"Local authorities should have the maximum level of discretion over how money raised through the LPT should be spent and the rates charged. Fine Gael is committed to a fair LPT. We will legislate for a local property tax that is based on the idea that most homeowners will face no increase. "
A rent freeze should be introduced across the country
Currently, rent increases are limited to 4% in ‘rent pressure zones’. Some argue that there should be a blanket rent freeze, so landlords could not increase rents at all for a period. Others argue that a rent freeze would drive landlords out of the sector and reduce the supply of houses for rent.
"International experience shows rent freezes don’t work. To protect renters we will: Extend RPZs beyond 2021 if necessary; introduce legislation for tenancies of long-term or indefinite duration; continue the Residential Tenancies Board change programme; develop cost rental for cities & large towns. "
Much more resources should be directed to building local authority housing, even if that means cutting back in other areas or raising taxes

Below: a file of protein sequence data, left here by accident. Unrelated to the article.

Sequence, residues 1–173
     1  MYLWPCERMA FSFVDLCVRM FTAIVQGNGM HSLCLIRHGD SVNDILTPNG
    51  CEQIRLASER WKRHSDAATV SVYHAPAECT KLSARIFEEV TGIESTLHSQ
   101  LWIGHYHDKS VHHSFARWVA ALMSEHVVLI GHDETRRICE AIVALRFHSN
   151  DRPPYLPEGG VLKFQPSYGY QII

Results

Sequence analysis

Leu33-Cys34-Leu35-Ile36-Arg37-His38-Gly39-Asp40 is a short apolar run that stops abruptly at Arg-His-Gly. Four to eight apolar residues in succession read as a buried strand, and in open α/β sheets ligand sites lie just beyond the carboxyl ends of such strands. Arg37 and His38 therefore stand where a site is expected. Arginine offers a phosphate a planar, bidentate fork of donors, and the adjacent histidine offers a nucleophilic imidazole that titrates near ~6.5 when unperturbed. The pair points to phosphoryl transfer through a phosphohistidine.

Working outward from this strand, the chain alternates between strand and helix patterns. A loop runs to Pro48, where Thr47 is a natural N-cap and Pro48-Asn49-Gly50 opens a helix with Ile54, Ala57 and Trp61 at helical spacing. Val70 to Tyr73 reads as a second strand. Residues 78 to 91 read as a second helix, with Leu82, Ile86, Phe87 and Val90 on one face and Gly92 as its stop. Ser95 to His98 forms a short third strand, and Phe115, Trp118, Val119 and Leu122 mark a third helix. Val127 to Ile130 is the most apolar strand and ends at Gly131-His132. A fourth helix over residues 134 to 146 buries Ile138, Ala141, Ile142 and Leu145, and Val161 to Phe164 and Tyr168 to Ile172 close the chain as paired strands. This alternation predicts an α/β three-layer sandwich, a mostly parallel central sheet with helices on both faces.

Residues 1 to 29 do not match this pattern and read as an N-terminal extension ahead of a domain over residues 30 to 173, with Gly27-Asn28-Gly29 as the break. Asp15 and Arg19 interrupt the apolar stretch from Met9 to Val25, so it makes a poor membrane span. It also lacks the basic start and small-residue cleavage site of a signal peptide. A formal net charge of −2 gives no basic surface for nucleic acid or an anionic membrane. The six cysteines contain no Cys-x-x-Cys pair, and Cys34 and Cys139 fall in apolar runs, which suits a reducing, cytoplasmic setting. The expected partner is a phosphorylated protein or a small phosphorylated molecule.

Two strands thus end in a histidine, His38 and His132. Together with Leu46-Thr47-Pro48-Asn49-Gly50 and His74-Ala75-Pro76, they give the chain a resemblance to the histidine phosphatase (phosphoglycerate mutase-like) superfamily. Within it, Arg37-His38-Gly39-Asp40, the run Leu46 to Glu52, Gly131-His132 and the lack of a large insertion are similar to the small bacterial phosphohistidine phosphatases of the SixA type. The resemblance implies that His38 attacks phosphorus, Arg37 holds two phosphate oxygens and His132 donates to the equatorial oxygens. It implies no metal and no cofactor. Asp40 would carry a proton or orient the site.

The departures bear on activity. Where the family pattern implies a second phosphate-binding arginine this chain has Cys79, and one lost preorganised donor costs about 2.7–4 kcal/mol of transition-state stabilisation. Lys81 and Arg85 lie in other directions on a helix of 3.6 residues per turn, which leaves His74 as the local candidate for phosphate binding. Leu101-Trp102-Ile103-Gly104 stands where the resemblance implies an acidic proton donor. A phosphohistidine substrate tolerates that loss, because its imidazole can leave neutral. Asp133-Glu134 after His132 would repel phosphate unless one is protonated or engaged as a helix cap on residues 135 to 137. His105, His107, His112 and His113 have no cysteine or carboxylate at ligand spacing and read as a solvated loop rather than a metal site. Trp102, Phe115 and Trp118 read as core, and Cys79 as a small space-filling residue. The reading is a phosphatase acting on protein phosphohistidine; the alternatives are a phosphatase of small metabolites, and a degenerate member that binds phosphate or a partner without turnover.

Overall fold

Some argue that local authority house building should be increased dramatically, as there are almost 70,000 people on waiting lists. Others favour alternative methods of solving the housing crisis, such as encouraging more private development or providing more supports for people to rent or buy.
"We are delivering the largest social housing programme in decades. Over the past three years, there has been a huge ramping up in the number of new homes added to the stock of social housing. Over the next five years, we will add at least a further 60,000 homes to the social housing stock. "
The best solution to the housing crisis is to incentivise more building by private developers
To solve the housing crisis, some argue we need to incentivise developers to build more houses (e.g. by reducing taxes on construction or introducing harsher penalties for ‘land hording’). Others argue that the solution should instead focus on building more local authority housing.
"A range of options are necessary to meet different types of housing needs. We are delivering the largest social housing programme in decades and we are now seeing real progress. The most recent figures show that more than 20,000 new homes were built over the previous 12 months."